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The magic of Guernsey.
The magic of Guernsey.
Guernsey by the sea.
The house of Victor Hugo.


Friday, January 18, 2002
The island's heritage is rich with century-old legends and folklore. Some of the older houses still have witches' seats — even the wicked need to rest.

Just off the coast of Brittany in south-west France is the bailiwick state of Guernsey, second largest of the Channel Islands. It shares some similarities with its larger neighbour Jersey; for the past 700 years it has managed its own affairs while remaining loyal to the Queen of England.

The islands of Alderney, Sark, Herm, Jethou, Brecqhou, privately-owned Lihou and Guernsey are all part of the Bailiwick of Guernsey. They have their own currency, postal and telephone systems. VAT (value-added tax) is not applicable and they have a flat income tax rate of 20 percent.

Guernsey's main source of income is derived from offshore financial services. They currently hold $155 billion in their banks.

Guernsey has flora and fauna unique to the island — the cows provide some of the world's richest milk. Renoir found the place so beautiful he painted 15 canvases there and Victor Hugo completed Les Miserables while in political exile on the island. He moved there in 1855 with his wife, son and mistress and eventually purchased Hauteville House, a flat-fronted Georgian mansion which attracts many tourists. The eccentrically-appointed house has an aura of heavy gloom and is decorated with Delft china tiles and Gobelin tapestries which were cut into small pieces.

The islands are the only remaining part of the Duchy of Normandy, having belonged to the British Crown since the Norman invasion of 1066. A succession of royal charters granted the islands freedom to set their own taxes and enjoy free trade with England. Residents were also exempted from conscription.

It is thought Guernsey was given its name from the Norse Grenezay, or Green Isle. It is about 65 square kilometres of bays and beaches, wooded valleys, cliffs, marshland and beautiful rolling countryside.

Its capital St Peter Port is built on a hill on the east coast and is a town of cobbled streets, archways and small boutiques. It also has markets for food, flowers and fish housed in an old building with high ceilings and Victorian facades. In the old quarter are antique dealers and jewellery shops selling treasures made from silver mined on Sark. Some of the buildings date to the 15th century, making it one of the oldest Regency towns in the UK. The port has about 90 visiting cruise ships a year.

The island's heritage is rich with centuries-old legends and folklore. They can even pinpoint the entrance to fairyland — Le Creux es Faies. Locals believe they are descended from fairies and there is a ring located on the west coast at Pleinmont Point. It is a circle of small stones with another circle inside.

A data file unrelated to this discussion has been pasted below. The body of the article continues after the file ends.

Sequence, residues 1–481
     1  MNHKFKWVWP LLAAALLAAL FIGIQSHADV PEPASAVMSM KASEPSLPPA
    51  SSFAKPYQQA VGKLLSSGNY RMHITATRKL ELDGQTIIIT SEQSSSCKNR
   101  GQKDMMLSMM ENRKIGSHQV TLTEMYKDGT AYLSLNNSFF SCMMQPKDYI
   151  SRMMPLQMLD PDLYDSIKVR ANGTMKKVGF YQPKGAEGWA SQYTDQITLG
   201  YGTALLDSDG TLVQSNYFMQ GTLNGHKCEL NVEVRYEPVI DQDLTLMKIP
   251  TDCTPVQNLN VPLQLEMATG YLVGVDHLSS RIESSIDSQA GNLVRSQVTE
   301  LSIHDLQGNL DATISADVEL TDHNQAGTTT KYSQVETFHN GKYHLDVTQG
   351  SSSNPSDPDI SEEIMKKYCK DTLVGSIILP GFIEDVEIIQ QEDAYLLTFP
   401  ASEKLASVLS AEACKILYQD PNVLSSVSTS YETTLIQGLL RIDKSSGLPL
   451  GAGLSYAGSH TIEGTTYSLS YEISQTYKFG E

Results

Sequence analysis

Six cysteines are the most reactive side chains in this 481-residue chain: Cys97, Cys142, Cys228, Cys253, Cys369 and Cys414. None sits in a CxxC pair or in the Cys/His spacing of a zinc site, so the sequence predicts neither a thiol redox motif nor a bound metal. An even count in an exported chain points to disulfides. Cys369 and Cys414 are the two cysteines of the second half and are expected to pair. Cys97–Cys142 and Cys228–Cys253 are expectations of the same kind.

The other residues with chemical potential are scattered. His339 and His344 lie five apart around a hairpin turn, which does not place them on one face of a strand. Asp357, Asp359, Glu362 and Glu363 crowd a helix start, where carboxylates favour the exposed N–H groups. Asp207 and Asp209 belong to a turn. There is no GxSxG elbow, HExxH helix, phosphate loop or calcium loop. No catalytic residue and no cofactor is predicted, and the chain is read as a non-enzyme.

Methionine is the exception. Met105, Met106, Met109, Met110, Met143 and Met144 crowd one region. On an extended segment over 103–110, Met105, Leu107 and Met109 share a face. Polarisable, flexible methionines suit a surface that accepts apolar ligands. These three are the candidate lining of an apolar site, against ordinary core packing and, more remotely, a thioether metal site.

Some of the older island houses have witches' seats. They jut out of the gables and are for witches to rest on as they fly past. Residents thoughtful enough to provide a resting spot were supposedly protected from having a spell cast on their house. Ghosts feature widely and there are reports of a phantom horse-drawn hearse rattling through Les Fauxquets Valley.

Some of the smaller islands are popular with day trippers, but Sark is closed to visitors on Sunday. It is a place with no cars, no tarred roads and no aeroplanes and still exists under feudal law. The 14-kilometre ferry trip takes about 45 minutes, but it's like stepping back 50 years.

Sark is actually made up of Big Sark and Little Sark, joined by a natural bridge called La Coupee. You are transported from the port up the steep hill on a tractor and trailer. From there you can hire bicycles.

The Seigneur of Sark, Michael Beaumont, received his exalted position from his grandmother in 1974. He holds the island directly from the crown in perpetuity and is obliged to supply 40 men armed with muskets for its defence. He also pays £1.70 rent each year, an amount which hasn't increased in 400 years.


The Channel Islands, south of England.


Jersey Guernsey Travel has packages including return economy airfares from London to Jersey, three nights' accommodation, transfers and breakfast starting at $648 per person twin-share.
Qantas flies daily to London. Return economy airfares start at $1969 from the east coast, Adelaide and Perth.
Please note prices are valid at time of transmission and to the best of our knowledge are inclusive of GST.

More information

Jersey Guernsey Travel: Ph: 1300 655 848
Qantas: 13 1313

To book your airfare online, click here!

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